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Lord's Supper Service
Wednesday, April 26

Archive for July, 2009


Jul 31

Piper Poem on Luke 10:20

2009 | by Ryan Kelly | Category: Quote,Sermon Follow-Up

In light of last Sunday’s message on Luke 10:1-24, this post from John Piper is timely for us. He writes:

On vacation I was meditating on Luke 10:17-20 where Jesus tells us not to be overly excited about our ability to do feats of triumph in defeating the devil. Rather he says, fix the root of your joy in this: Your names are written in heaven. Amazing.

Most of us are moved more by the fireworks of miracles than by the mere assurance of salvation. Something is amiss. So I lingered long enough here to put my heart right. And in the process wrote a poem.

Rejoice! Your Names Are Written in Heaven

Luke 10:17-20 –
The seventy-two returned with joy, saying, “Lord, even the demons are subject to us in your name!” And he said to them, “I saw Satan fall like lightning from heaven. Behold, I have given you authority to tread on serpents and scorpions, and over all the power of the enemy, and nothing shall hurt you. Nevertheless, do not rejoice in this, that the spirits are subject to you, but rejoice that your names are written in heaven.”

How quickly does a lightening bolt

Fall from the blackened clouds and strike the forest fair!

How powerful the fleeting volt

That vanishes at once and leaves a cinder there!

So quickly falls the ancient Snake

From his condemning height with all his cruel pangs,

When in Your name and for Your sake

We wield your mighty word and break his deadly fangs.

And as we leap to celebrate

This triumph in our hands, this best of mountain peaks,

Your voice, so calm and full of weight,

Cuts through our ecstasy, our festival, and speaks:

“Do not rejoice in this, dear ones,

That Satan and his hordes are subject to your voice,

But that, in heav’n as treasured sons,

Your names are written down. In this, in this, rejoice!

Rejoice, rejoice, my friends, my prize!

Your names are written there, in blood with my own hand.

Rejoice and sing, rejoice, arise

And leap for this: before the world, your name was planned.

Rejoice, your name is written there

Secure, and by this Lamb it is forever placed.

And thus by my own blood I swear:
Your name will never be, no never be, erased.”

Jul 29

A Shocking Thing to Forget Him

2009 | by Ryan Kelly | Category: Lord's Supper,Quote

In light of our Lord’s Supper service tonight (6:30 PM), below is a modern hymn by D.A. Carson on how shocking it is that we would forget the Savior and need to remember him as we do in the communion meal. Let’s come together tonight in song, scripture, and symbol for the much-needed remembrance of Christ.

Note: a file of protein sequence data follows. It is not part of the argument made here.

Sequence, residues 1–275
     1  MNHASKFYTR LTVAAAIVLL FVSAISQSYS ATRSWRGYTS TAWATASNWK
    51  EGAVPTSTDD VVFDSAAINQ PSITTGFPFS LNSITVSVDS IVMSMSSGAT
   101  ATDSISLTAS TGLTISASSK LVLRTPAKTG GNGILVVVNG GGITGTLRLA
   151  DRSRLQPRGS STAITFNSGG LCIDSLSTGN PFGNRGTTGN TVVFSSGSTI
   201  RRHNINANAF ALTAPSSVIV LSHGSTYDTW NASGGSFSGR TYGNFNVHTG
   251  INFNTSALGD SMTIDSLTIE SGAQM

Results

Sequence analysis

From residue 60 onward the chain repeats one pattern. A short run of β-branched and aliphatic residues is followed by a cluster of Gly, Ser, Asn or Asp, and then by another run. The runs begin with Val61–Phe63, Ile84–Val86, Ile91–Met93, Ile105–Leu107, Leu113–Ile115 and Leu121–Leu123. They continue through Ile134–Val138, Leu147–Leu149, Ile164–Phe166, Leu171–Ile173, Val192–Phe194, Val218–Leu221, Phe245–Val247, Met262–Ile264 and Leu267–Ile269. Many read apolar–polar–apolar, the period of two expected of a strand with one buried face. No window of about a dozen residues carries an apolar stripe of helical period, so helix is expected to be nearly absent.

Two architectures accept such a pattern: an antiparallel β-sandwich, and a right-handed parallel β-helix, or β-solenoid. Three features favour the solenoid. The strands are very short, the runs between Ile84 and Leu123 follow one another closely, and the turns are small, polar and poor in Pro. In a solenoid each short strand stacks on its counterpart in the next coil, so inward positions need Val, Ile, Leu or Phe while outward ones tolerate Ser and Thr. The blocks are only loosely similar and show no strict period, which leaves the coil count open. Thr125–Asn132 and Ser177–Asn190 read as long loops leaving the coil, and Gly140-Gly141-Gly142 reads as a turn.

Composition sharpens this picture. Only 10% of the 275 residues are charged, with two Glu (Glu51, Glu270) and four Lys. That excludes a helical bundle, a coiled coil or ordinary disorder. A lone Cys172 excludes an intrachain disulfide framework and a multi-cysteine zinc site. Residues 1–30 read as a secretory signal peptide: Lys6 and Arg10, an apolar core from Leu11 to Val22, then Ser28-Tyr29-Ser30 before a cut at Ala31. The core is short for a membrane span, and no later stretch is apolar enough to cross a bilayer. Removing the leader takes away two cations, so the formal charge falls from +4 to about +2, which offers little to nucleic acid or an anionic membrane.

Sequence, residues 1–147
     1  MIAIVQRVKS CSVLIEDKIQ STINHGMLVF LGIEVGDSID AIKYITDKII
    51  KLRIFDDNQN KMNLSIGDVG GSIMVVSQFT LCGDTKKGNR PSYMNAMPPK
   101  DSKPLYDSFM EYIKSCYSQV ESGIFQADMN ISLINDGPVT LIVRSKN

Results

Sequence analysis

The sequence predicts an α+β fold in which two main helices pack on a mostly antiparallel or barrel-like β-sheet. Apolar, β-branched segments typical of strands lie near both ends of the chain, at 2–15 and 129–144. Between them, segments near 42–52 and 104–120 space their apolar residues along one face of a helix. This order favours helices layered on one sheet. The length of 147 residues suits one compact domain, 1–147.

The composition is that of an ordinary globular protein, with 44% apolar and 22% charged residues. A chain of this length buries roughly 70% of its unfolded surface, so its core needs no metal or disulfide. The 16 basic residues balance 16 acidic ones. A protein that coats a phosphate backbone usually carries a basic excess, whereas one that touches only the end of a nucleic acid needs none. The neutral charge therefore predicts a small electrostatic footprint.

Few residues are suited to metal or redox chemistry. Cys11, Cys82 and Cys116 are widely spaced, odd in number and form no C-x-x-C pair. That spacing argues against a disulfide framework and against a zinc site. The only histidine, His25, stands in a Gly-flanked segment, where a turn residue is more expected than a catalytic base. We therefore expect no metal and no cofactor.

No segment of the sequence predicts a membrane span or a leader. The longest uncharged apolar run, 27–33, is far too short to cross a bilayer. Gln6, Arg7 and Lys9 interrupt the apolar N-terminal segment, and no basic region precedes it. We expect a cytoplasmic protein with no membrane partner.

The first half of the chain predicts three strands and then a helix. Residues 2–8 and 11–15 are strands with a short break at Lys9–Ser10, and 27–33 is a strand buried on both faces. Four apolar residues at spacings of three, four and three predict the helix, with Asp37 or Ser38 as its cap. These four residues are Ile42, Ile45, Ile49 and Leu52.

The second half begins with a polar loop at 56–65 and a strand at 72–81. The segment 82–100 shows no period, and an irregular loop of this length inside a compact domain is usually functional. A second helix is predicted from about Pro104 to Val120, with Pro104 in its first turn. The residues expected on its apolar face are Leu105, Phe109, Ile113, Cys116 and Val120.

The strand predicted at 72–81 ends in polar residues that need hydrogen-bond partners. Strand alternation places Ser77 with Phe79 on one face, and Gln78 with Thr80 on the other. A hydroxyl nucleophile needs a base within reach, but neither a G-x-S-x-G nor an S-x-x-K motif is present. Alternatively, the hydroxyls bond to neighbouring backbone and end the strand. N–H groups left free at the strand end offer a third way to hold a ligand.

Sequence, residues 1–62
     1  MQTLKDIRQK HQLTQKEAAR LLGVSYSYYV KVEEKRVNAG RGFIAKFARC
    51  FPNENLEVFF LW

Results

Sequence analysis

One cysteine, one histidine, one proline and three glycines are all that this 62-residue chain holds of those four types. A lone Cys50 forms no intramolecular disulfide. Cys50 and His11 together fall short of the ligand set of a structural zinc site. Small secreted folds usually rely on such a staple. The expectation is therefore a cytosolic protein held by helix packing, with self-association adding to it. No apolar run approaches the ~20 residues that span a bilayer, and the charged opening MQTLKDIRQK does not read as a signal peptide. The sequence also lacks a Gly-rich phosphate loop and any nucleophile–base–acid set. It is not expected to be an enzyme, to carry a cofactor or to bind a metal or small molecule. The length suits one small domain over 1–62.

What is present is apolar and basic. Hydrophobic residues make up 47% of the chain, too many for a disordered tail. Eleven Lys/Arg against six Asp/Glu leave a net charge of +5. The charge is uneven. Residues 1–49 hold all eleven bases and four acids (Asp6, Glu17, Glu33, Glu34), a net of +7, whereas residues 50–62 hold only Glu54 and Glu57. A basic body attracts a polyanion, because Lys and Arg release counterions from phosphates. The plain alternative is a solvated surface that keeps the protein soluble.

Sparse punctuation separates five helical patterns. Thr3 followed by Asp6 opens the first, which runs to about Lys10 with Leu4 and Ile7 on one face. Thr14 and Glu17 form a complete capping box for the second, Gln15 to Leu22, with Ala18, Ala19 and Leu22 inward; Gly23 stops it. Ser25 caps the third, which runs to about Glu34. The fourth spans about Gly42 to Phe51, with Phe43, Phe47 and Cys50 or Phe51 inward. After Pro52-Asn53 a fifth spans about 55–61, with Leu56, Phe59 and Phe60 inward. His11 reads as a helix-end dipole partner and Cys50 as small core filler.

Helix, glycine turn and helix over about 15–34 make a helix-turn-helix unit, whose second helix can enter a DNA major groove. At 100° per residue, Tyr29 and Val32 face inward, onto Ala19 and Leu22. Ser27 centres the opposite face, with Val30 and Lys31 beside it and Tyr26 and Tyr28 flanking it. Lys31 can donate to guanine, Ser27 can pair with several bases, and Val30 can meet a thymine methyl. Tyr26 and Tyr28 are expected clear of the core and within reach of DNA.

A shocking thing, this, that we should forget
The Savior who gave up his life –
To turn from the cross, indifferent, and let
Our minds veer toward self-love and strife.
The table, this rite, is habit – and yet
Christ’s words pierce our shame like a knife:

While breaking the bread, the Lord Jesus said,
“Do this in remembrance of me.”

Enamored with power, surrounded with praise,
We set out our ecclesial plans.
Efficiency hums, and we spend our days
Defending, promoting our stands.
Techniques multiply, our structures amaze –
The gospel slips out of our hands.

While breaking the bread, the Lord Jesus said,
“Do this in remembrance of me.
O remember, remember the cross.
From my side issued water and blood,
This was no accident,
I bore the wrath of my God.”

“Remember my bed, the dank cattle shed,
Though glory was all my domain.
Remember the years of service and tears
That climaxed in lashings of pain.
By God’s own decree, your guilt fell on me,
And all of my loss is your gain.”

While breaking the bread, the Lord Jesus said,
“Do this in remembrance of me.”

“Remember my tears, Gethsemene’s fears;
Recall that my followers fled,
That I was betrayed, disowned and arraigned –
The Prince of Life crucified, dead.
Remember your shame, your sin and your blame;
Remember the blood that I shed.”

While lifting the cup, the Savior spoke up,
“Do this in remembrance of me.”

So now when we eat this feast simply spread
I blush I forget to recall.
For this quiet rite means once more I have fed
On bread that gave life once for all;
Memorial feast—just wine, broken bread—
And time to reflect on Christ’s call:

While breaking the bread, the Lord Jesus said,
“Do this in remembrance of me.”

From the album, Shout with Delight.

Jul 29

Masculinity Regained Series

2009 | by Ryan Kelly | Category: Recommended Link

The Resurgence has a new helpful five-part series of short blog posts on biblical masculinity. Men, check it before you wreck it.

Also fairly new to the site is a new book by Mark Driscoll, Pastor Dad: Scriptural Insights on Fatherhood, which you can download for free.

Jul 28

What Is the Theme of the Bible?

2009 | by Ryan Kelly | Category: Quote,Recommended Link

From Fred Zaspel:

What is the Bible all about? What is its primary purpose in writing and its leading theme? We find the answer to our question when we examine the beginning and the end of Scripture. At the beginning God creates the world and all that is in it. We may be sure that he did this for his own glory, for this is his purpose in all he does. His creation is designed to reflect his glory. Humanity in particular was created for God’s glory, and this is our whole reason for being — to glorify God.